Many in the industry claim that the technology has become too foolproof for such scandals to arise, that any betting irregularities will be automatically sniffed out by sophisticated AI. But this seems likely to apply mainly to events like the Black Sox scandal, when the World Series is on the line, or when massive sums of money are wagered in one direction, triggering alarm bells. Players (or coaches, or, perhaps most likely, referees) shaving points or missing shots or giving up free layups could and will happen in microforms all around the country.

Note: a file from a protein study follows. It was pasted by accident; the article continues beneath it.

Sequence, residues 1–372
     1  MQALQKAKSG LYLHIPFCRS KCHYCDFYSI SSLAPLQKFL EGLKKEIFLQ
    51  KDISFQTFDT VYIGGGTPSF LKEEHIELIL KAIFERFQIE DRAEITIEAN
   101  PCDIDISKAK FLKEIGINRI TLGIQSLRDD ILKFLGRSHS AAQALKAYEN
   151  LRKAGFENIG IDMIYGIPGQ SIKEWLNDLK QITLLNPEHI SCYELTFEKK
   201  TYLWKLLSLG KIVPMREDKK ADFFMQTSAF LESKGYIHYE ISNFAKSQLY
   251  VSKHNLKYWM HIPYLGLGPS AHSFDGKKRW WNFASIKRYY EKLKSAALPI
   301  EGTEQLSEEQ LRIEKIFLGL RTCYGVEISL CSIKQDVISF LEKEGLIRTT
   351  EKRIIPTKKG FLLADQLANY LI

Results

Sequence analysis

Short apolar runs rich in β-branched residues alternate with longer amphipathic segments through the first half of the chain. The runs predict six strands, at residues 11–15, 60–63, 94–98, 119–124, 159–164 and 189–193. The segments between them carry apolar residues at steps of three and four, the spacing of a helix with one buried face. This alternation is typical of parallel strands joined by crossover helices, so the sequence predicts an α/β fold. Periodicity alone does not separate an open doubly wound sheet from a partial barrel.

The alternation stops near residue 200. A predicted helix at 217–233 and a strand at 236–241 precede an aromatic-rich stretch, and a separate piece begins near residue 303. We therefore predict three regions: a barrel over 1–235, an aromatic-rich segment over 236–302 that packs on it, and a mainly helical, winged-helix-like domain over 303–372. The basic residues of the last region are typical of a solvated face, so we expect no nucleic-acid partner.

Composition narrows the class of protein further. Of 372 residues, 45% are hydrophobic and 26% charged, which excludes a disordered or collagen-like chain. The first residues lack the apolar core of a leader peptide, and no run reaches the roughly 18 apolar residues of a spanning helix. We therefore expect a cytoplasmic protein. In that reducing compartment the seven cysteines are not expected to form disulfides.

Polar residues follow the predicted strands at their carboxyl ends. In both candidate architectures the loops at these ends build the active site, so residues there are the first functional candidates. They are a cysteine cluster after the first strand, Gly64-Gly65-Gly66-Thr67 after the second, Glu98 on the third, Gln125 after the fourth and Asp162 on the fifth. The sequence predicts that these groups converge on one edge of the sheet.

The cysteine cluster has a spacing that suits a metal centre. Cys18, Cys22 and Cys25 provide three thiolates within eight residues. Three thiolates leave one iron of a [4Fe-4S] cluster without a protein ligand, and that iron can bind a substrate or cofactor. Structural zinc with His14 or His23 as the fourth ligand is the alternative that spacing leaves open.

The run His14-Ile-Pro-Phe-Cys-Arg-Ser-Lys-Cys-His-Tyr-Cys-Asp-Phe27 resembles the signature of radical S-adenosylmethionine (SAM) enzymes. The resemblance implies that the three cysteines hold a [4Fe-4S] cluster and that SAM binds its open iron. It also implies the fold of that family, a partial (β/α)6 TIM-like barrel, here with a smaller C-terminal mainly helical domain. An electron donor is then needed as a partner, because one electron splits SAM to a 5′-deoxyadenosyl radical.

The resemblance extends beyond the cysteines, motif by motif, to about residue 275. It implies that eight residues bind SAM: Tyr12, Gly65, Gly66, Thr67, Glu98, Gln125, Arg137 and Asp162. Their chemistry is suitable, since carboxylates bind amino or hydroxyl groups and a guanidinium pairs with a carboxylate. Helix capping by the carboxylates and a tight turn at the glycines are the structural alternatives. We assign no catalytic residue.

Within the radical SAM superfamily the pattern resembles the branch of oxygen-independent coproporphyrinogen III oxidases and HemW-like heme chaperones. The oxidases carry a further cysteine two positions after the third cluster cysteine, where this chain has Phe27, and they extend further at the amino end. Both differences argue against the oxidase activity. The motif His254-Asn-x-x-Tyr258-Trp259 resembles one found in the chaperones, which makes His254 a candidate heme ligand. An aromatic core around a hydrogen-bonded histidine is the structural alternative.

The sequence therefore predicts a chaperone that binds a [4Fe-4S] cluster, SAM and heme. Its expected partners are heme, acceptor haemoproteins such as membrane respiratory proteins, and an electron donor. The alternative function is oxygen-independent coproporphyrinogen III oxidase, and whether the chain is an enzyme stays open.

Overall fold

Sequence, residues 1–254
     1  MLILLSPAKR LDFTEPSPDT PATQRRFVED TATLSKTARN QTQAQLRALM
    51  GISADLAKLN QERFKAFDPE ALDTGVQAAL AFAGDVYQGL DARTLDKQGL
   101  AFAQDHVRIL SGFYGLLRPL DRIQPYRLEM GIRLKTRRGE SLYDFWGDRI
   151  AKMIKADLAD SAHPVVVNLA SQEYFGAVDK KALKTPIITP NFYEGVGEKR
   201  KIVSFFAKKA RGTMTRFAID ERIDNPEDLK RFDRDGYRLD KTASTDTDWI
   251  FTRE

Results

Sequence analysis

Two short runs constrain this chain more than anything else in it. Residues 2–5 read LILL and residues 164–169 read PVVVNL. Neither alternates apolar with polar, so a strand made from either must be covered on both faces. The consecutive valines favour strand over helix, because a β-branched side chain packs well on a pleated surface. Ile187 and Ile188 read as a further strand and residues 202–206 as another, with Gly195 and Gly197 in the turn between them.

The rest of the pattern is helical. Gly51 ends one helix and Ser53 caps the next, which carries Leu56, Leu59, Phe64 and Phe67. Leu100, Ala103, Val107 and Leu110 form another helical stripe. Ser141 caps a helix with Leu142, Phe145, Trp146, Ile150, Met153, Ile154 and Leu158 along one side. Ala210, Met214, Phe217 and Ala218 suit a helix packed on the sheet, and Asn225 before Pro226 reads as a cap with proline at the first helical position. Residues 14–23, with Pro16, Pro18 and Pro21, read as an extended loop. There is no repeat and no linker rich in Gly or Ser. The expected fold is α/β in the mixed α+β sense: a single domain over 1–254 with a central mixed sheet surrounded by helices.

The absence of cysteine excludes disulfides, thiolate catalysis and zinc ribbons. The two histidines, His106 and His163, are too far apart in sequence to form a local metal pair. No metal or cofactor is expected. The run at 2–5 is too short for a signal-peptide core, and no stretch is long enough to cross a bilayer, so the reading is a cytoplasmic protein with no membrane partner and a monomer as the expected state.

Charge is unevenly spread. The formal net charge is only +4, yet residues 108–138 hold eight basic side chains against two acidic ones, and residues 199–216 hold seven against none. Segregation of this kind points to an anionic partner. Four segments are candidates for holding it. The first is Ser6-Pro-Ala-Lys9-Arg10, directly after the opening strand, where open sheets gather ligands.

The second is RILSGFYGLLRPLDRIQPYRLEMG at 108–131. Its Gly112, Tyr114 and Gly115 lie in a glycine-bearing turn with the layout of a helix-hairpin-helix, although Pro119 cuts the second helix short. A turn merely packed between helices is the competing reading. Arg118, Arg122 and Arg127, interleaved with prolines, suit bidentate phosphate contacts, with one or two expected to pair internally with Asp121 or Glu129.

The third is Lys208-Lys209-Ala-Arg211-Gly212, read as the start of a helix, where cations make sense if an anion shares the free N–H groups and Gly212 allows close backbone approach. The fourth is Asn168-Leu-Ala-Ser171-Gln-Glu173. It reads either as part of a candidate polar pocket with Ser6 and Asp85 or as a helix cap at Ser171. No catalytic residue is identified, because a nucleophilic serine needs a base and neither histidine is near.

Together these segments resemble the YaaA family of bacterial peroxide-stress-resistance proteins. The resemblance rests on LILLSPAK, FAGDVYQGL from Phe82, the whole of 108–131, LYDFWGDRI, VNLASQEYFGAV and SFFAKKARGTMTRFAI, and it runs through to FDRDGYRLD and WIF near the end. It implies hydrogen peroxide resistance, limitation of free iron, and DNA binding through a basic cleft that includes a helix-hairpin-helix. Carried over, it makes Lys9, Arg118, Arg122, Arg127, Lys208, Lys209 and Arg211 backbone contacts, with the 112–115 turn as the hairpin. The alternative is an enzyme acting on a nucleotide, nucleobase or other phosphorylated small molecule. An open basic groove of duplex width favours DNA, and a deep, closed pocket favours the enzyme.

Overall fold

And that’s the thing: It doesn’t have to be a scandal of Black Sox scope to eat away at what people love about sports. The whole point of athletic competition is that it’s on the level. Elite athletes trying their best at every moment is the entire premise. Even if you find that too romantic or naive, sheesh, the only reason people bet on sports in the first place is that they’re supposed to be legit. (This is why you can’t bet on WWE matches. Yet, I suppose.) When you take away that fundamental element of fair competition, sports cease to have any meaning whatsoever. You have to believe.